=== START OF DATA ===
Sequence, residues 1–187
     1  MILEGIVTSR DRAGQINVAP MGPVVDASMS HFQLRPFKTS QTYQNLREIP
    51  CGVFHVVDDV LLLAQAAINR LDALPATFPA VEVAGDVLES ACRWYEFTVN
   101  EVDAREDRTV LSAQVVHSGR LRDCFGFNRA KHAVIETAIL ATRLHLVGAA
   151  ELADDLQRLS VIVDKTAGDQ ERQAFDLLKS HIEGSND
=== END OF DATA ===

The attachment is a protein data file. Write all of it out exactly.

Sequence, residues 1–187
     1  MILEGIVTSR DRAGQINVAP MGPVVDASMS HFQLRPFKTS QTYQNLREIP
    51  CGVFHVVDDV LLLAQAAINR LDALPATFPA VEVAGDVLES ACRWYEFTVN
   101  EVDAREDRTV LSAQVVHSGR LRDCFGFNRA KHAVIETAIL ATRLHLVGAA
   151  ELADDLQRLS VIVDKTAGDQ ERQAFDLLKS HIEGSND